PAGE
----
When is something relevant? Marketers are all striving to have more relevant email content with their email marketing but are they getting confused between relevance and the tools to get there, segmentation and personalisation?

Segmentation is the process of selecting who should get a particular email. And personalisation is the customisation of that message to the customer. But both of these don’t mean relevance as just choosing who gets an email doesn’t mean it will be relevant, just as customising some content – whether it be including their name, or changing a hero message based upon gender doesn’t mean it’s relevant.

Relevance needs to start with the idea that all customers are unique. No two customers are exactly alike – whether it be their taste, preferences, past purchases or date when they registered with you. This multitude of factors means relevance is subjective, based upon what the individual customer believes to be relevant.

So this does mean basic personalization or segmentation won’t be enough – it’s better than a one-size fits all approach but the majority are still likely to find your email irrelevant.

So what ways can you start being relevant?

Value is the first place to start. Value can be discounts, they can be the best products you offer, it can be the best information you have. The great thing about value is it applies across your whole customer base – everyone finds value relevant. This is why promotional emails work so well, they give customers a reason to shop right now, and as they are on your list they have a natural affinity to your offering anyway.

Another area to look at is gender and product category targeting. When not running promotional campaigns and talking about product as your primary focus there will be those customers who will switch off if it’s not one of the product areas they are interested in. This is most seen in the fashion industry where a single email is used for both male and female customers. Immediately with the wrong gender in the hero image customers feel the email isn’t for them.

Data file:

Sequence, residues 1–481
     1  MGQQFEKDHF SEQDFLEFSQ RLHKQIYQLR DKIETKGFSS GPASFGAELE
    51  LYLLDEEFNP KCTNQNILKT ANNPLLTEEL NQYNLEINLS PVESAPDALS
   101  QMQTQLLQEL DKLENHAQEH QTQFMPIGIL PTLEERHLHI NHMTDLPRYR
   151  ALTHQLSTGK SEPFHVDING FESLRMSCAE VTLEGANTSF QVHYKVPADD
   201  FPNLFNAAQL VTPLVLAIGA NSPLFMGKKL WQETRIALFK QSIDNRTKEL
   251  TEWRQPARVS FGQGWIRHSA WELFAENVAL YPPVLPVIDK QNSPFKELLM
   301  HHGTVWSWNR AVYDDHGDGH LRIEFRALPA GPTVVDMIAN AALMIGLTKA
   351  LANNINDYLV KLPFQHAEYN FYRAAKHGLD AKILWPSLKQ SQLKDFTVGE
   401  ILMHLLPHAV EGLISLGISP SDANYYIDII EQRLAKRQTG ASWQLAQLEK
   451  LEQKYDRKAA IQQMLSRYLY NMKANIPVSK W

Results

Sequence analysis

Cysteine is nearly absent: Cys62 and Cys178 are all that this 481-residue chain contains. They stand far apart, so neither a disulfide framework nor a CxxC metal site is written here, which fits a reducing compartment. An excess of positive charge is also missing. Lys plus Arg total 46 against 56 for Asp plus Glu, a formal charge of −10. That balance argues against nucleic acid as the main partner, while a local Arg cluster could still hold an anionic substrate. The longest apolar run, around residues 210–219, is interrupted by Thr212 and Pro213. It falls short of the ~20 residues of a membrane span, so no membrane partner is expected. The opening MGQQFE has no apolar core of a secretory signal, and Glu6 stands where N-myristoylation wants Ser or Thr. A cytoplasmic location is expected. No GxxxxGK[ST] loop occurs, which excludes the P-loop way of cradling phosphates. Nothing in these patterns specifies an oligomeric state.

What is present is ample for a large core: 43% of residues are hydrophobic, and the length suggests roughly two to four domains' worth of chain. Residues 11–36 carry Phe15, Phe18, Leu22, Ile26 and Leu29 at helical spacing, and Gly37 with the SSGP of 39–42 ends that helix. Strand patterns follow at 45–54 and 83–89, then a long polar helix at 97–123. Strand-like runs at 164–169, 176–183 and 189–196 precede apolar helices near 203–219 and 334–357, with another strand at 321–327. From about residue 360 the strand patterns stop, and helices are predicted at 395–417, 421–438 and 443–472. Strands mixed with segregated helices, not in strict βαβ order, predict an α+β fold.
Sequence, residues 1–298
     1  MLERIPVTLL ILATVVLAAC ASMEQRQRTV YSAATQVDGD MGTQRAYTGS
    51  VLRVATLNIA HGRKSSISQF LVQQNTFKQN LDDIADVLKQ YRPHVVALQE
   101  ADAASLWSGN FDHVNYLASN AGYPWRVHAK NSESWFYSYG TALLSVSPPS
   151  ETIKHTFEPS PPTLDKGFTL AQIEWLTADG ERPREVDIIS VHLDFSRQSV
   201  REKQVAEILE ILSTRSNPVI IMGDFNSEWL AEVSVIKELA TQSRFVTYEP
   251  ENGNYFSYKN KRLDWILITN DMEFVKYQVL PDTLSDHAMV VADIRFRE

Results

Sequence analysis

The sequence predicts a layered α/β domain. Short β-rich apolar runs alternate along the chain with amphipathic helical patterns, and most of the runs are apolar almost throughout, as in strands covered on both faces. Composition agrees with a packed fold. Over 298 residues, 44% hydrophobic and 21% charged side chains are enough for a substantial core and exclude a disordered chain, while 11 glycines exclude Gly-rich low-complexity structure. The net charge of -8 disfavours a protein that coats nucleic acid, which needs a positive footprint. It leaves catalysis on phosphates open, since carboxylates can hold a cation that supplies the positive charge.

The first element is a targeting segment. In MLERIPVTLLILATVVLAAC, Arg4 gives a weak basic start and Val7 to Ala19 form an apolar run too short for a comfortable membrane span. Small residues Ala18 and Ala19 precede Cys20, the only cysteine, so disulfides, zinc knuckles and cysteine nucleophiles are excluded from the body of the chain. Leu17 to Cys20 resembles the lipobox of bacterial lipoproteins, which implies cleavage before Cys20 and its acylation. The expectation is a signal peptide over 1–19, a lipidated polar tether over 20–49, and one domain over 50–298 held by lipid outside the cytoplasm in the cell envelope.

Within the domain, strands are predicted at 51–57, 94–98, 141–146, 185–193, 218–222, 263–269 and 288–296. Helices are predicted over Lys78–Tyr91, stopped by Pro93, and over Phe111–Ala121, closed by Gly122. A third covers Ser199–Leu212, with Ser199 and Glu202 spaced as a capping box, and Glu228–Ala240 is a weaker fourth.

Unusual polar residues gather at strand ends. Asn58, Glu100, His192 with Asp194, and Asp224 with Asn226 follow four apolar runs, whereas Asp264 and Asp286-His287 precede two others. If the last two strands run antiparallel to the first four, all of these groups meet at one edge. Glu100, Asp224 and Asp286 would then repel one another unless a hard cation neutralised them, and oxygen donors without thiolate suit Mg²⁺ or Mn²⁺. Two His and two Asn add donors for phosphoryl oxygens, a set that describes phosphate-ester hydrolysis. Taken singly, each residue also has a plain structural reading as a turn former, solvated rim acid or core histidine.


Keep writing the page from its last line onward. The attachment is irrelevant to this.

Website behaviour is also good for pulling what customers are interested in right now. What products they are viewing or adding to their basket can then be used to trigger emails to help them convert.

The next level does get more complicated – how do you meet the diverse tastes of customers? For this many of our clients look to recommendation models to serve customers the products specifically suited to them.

The other area involved is increasing the number of triggers to have relevant conversations at different touchpoints. This might mean turning a welcome email into a series of welcome messages, including messages for those who have been inactive or those that have just placed their first order.

It’s not a quick process to get there, and indeed you can never truly be 100% relevant as there are so many unknowns. Yet the more segmentation, personalisation and therefore relevance you can add into your email programmes, the greater success you will have.